Don’t Just Read a Blog. Comment!
Share with a click!Share on FacebookTweet about this on TwitterShare on Google+Pin on PinterestDigg thisShare on RedditShare on StumbleUpon

Before I began blogging last year, I spent several months reading a variety of blogs. I subscribed to book review blogs, political blogs, spiritual blogs, and blogs for writers. I read posts written by those who had just entered the blogosphere, and posts written by those who had been blogging for years. I finally initiated my own blog, Pen Station, in May, 2010.


But there’s more to blogging than writing your own blog and reading those written by others. The blogosphere is a community, and community means interaction. Most blogs are not intended to be monologues. They’re meant to be part of a dialogue between writers and their readers. The ensuing “conversation” can broaden the worlds of both parties.

So how do you join the community and add to the conversation? The easiest way is to provide meaningful feedback by commenting on individual blog posts. Many bloggers make it a practice to end each blog post with a question that invites the reader to participate. What do you think? Have you had a similar experience? How have you responded to this situation? What would you do if this happened to you?

The way to answer these questions, and perhaps post one or two of your own, is by leaving a comment. Most blogs have a Comment hyperlink at the top of the post or a Comment box at the end of the post.

What kind of comment should you leave? In her book, Blogophobia Conquered, social media expert and Blogging Barista Laura Christianson notes, “When readers compliment my writing, it stokes my ego, But the comments I value most are the ones that challenge my statements, share information I forgot to include, or offer meaningful commentary.”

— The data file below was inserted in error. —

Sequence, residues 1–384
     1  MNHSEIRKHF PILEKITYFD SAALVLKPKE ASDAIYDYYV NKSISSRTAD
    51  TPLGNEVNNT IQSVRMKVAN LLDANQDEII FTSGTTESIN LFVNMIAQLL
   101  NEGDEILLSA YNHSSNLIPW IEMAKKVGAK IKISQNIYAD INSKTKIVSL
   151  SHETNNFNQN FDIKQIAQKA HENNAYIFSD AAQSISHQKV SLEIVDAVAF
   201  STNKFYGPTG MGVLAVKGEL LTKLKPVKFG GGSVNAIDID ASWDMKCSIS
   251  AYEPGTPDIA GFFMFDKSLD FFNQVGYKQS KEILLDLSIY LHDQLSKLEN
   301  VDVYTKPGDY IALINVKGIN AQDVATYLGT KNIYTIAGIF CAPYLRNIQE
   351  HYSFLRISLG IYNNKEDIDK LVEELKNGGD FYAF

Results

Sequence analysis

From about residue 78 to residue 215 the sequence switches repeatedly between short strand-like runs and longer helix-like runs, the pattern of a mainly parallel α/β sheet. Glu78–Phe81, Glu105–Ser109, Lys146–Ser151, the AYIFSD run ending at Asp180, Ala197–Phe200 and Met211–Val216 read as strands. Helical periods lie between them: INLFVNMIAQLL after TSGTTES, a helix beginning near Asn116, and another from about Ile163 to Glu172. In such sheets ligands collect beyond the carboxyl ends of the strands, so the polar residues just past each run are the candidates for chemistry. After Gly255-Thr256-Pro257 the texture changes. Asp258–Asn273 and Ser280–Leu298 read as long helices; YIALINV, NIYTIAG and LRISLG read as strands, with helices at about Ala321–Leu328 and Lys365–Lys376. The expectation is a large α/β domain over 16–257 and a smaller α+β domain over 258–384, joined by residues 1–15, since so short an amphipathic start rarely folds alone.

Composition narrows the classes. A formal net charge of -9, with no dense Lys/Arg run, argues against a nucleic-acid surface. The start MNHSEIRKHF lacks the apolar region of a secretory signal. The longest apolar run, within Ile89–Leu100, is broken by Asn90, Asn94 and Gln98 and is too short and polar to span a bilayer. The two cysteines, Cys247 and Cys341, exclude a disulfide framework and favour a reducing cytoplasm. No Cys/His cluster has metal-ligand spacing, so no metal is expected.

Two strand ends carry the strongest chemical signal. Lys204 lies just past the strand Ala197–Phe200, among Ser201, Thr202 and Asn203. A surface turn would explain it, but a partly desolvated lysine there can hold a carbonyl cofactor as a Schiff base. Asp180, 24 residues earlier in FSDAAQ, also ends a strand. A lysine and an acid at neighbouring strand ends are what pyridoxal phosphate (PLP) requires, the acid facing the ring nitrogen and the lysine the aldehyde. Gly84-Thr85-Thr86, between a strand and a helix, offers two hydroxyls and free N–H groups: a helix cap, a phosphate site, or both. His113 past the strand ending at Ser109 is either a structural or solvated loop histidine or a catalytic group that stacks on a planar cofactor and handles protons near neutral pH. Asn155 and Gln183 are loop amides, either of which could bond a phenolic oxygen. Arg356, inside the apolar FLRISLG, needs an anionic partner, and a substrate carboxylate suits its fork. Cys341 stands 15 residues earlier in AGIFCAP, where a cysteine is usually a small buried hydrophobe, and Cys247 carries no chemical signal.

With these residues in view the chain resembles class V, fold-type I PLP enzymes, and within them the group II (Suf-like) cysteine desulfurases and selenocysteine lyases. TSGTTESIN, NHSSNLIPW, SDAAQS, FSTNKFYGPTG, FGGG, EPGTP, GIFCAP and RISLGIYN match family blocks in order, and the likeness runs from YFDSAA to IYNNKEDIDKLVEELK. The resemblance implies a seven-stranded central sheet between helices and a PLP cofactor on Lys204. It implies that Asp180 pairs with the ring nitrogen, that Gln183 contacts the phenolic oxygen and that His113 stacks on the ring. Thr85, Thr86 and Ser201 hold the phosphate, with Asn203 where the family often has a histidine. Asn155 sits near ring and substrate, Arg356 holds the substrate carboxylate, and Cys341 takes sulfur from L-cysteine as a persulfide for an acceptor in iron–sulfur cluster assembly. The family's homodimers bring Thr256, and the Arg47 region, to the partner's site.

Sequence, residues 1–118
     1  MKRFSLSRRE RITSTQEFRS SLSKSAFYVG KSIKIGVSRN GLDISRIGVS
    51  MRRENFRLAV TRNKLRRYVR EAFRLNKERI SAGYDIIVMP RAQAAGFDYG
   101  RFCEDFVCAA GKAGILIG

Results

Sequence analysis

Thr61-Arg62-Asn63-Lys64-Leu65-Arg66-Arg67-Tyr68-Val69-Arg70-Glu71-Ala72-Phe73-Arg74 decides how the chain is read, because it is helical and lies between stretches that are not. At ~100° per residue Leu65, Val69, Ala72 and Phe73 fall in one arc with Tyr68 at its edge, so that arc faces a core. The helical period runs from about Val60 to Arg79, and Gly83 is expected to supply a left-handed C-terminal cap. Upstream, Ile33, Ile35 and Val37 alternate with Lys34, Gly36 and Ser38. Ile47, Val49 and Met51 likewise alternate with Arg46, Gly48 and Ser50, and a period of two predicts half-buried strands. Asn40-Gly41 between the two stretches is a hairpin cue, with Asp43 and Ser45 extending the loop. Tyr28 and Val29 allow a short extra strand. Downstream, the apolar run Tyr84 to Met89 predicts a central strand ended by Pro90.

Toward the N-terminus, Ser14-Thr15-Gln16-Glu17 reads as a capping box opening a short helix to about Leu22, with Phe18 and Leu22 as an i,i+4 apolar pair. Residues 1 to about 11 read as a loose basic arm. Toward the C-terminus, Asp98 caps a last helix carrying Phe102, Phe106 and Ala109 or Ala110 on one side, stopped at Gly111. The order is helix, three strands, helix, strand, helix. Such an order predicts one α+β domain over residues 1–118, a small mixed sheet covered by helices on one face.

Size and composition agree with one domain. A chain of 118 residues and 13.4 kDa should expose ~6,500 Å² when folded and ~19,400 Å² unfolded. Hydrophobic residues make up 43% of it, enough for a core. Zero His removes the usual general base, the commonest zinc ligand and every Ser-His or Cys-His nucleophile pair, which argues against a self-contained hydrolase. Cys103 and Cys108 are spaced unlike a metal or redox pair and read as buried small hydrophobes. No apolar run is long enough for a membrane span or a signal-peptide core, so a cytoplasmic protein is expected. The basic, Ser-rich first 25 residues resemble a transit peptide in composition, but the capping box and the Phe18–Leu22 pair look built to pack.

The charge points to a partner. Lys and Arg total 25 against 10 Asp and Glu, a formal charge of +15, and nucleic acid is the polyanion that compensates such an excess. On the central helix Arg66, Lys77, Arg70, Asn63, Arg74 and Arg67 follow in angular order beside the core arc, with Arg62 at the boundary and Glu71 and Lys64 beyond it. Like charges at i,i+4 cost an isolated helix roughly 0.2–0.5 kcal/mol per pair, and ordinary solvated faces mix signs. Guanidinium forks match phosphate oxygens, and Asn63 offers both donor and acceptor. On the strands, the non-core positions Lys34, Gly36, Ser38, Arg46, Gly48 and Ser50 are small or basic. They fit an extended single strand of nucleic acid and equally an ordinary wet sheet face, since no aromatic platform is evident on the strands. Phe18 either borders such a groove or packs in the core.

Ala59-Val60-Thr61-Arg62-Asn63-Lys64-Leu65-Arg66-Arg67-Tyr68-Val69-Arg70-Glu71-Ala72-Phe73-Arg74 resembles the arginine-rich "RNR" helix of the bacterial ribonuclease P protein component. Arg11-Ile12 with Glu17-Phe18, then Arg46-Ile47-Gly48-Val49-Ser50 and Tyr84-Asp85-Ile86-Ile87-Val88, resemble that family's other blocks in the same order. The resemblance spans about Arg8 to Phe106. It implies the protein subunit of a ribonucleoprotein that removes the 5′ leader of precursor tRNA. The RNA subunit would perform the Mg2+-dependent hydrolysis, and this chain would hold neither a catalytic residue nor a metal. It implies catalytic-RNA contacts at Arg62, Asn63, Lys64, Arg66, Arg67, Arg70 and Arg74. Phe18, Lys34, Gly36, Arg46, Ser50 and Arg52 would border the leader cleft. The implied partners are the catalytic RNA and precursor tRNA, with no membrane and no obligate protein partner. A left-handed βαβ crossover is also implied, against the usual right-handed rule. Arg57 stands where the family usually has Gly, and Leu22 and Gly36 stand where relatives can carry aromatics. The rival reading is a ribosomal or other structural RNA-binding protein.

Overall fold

Laura also identified several types of commenters:

Fervent Fans – people who love the blog
Personal Promoters – people who comment to promote themselves
Happy Hecklers – people who post nasty comments just to irritate the writer
Deferential Dissenters – people who courteously disagree and open a dialogue with the intent of learning through sharing
Irrational Inciters – people who hate the blog

I would add one more type: the non-commenter or lurker. I confess I am often guilty of belonging to this last category. I slip in and out of blogs, reading but not responding. Taking, but not giving. Listening, but not adding to the discussion.

I want that to change. Community requires interaction. Conversation requires dialogue. I’m looking forward to not just learning, but also sharing what I’m learning.

Care to comment?

What type of commenter are you?

Share with a click!Share on FacebookTweet about this on TwitterShare on Google+Pin on PinterestDigg thisShare on RedditShare on StumbleUpon

19 Comments

  1. Aaah, the non-commenter/lurker. I forgot about that category, Ava, and that’s the category I suspect most of us belong to.

    Just to reiterate the value of leaving comments: I have left comments on some top-ranked blogs that have resulted in new clients and/or new buyers of my books. The new clients are not the blogger, but are fans of the blogger who read and write comments.

    I do not leave comments for the purpose of drumming up business; I comment because I am truly interested in the topic and want to contribute to the discussion.

    Most people are astute enough to read between the lines — they will recognize (and ignore or delete) comments that are promotional.

    So avoid writing comments that say generic things like “great post!” and focus on posting comments that add some “meat” to the discussion.

    Comment by Laura Christianson — February 24, 2011

  2. Thanks for adding to our conversation, Laura! And thanks also for the encouragement you provide so that all our discussions can be meatier! 🙂

    Comment by admin — February 24, 2011

  3. Ava, I love this post! And I love Laura’s book! I too, am a lurker, most often for the reason that there’s just not enough hours in the day, I read quickly and don’t take the few extra seconds to comment. But I’d like to change that, too! Here’s to meaty discussions!

    Comment by Alanna Klapp — February 25, 2011